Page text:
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To continued progress in New Ellenton:

It’s a positive sign to see construction of a new conference center and renovations to the city hall in New Ellenton moving forward. The projects should hopefully helping to stimulate activity in the small Aiken County town. Combined with the opening of the town’s library in 2012, they will spotlight the community’s ongoing improvements. That progress should help to attract new business and contribute to a bright future for the community. The conference center, which can be used for local meetings as well as classroom facilities, will be able to accommodate 270 people. Currently, the center is about halfway complete, and city hall refurbishments are about 70 percent, according to New Ellenton Mayor Vernon Dunbar. These projects were sorely needed and were also approved by voters through a Capital Projects Sales Tax referendum.

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To cuts to food stamps increasing health care costs across the country:

It’s a topic that’s garnered needed debate, but proposed cuts to food stamps – aimed at reducing the program’s impact on the national debt – could backfire, according to medical experts.

Doctors warn that if Congress approves cuts to the program, higher Medicaid and Medicare costs could follow, according to the Associated Press. The impact may not be felt immediately, but over time, costs could increase if the poor end up in doctors’ offices or hospitals because of higher rates of diabetes and developmental problems for young children.

Cuts to food stamps, also known as the Supplemental Nutrition Assistance Program, or SNAP, certainly warrant sensible deliberation, especially with long-term cost concerns existing on both of sides of the debate.

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To increasing organ, tissue donations:

A statewide effort announced Wednesday should give hope to South Carolinians needing organ or tissue donations.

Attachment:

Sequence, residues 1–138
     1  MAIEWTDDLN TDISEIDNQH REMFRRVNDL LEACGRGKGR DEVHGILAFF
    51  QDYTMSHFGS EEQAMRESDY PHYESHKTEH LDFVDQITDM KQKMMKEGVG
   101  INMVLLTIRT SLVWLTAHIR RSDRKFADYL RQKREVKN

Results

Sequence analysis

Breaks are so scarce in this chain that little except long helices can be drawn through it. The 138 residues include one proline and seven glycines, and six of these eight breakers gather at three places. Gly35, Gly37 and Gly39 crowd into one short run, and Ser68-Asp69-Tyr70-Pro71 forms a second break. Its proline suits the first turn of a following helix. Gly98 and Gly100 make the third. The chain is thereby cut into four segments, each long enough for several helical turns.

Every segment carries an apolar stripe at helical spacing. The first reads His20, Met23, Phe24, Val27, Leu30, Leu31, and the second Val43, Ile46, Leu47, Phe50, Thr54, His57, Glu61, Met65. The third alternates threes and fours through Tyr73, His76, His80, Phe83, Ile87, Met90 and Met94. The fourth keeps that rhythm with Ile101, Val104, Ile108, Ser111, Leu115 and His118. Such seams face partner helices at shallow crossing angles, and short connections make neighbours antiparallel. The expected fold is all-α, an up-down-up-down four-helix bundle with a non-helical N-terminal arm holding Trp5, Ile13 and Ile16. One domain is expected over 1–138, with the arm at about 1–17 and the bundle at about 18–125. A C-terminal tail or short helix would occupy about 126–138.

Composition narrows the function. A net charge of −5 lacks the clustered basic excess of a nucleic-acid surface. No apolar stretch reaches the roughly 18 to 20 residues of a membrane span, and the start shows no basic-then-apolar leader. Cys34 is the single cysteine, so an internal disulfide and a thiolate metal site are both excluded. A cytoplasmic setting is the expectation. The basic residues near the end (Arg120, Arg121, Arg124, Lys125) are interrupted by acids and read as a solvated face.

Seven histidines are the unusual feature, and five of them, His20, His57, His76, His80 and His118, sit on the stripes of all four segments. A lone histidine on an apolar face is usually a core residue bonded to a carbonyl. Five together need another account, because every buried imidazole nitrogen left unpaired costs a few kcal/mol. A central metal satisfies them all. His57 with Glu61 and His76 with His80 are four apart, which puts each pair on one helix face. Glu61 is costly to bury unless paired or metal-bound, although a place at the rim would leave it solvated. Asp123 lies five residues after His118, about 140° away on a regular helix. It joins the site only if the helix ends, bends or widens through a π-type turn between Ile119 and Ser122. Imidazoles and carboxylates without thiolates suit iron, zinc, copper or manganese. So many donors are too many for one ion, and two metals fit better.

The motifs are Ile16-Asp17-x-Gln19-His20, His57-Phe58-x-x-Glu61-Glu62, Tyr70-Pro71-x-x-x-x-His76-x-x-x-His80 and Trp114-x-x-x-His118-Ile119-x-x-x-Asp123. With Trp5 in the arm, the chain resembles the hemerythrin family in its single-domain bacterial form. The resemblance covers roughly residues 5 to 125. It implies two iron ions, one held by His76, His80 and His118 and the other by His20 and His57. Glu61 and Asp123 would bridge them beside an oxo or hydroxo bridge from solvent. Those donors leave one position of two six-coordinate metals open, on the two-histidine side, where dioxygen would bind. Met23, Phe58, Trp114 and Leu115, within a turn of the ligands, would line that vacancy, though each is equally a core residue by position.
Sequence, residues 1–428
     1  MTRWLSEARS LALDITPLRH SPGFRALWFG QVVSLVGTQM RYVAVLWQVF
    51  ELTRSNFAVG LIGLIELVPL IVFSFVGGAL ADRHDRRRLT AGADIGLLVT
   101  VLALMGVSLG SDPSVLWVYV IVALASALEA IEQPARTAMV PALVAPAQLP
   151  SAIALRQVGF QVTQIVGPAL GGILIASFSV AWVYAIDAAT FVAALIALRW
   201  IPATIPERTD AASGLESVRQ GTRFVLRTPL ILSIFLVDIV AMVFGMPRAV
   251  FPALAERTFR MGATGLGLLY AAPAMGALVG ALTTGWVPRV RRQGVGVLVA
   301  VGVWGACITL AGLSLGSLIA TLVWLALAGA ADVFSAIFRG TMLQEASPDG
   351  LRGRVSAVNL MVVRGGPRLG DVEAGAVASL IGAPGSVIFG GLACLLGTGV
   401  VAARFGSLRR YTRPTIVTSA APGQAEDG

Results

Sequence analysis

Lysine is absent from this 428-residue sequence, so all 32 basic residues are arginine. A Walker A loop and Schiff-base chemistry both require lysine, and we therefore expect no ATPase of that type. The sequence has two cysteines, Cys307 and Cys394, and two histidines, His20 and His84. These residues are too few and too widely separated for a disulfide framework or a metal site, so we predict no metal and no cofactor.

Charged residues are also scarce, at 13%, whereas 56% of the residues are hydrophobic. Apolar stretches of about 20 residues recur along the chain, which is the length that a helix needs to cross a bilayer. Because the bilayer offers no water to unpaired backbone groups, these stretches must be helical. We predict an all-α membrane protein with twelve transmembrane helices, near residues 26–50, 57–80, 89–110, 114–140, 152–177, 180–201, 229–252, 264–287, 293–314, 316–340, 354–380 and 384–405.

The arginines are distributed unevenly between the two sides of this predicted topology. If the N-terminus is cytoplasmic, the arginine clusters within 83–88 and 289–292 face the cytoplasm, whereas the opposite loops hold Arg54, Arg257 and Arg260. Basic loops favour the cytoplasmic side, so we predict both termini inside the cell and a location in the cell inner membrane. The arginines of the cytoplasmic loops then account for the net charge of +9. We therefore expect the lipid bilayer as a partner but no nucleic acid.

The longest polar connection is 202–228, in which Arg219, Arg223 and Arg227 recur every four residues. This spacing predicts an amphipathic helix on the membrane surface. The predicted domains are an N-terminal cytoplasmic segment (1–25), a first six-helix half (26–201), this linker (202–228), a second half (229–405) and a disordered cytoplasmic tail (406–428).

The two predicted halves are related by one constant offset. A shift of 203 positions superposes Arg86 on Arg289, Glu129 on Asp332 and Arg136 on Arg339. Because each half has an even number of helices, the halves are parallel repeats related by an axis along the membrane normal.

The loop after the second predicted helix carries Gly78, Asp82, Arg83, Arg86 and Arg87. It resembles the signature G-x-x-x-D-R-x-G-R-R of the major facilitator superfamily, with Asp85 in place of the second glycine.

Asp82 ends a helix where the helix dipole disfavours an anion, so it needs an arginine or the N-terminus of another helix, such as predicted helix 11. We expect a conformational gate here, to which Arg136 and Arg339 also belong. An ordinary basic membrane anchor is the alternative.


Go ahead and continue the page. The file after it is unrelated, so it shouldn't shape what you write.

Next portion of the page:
The initiative is aimed at doubling the number of donors in the state and erasing our 1,000-person waiting list for life-saving transplants. South Carolina ranks 45th in the nation when it comes to donations, according to the Associated Press, with a donor designation rate of only about 20 percent. S.C. Gov. Nikki Haley, along with administrators of the Department of Motor Vehicles and the organization Donate Life South Carolina, are promoting the campaign across the state in order to encourage residents to become donors.

The more people who donate, the more lives that can be saved. Such a mission should motivate residents across the state to become organ and tissue donors.

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To increasing concerns generating from the Target hacking:

Target now says that personal information – including phone numbers and email and mailing addresses – was stolen from as many as 70 million more customers as part of a data breach that occurred in December.

The company’s original estimate was that 40 million customers’ information was hacked. Credit cards and debit cards were stolen as part of a data breach that occurred between Nov. 27 and Dec. 15. It’s understandable that Target’s stock has dropped since the incident because consumers undoubtedly are weary of shopping at any of the company’s stores or on its website.

The retailer has explained that the numbers are not part of a new breach, but were discovered during its ongoing investigation. With the company altering its statement, it’ll certainly take even longer for shopper’s concerns to subside.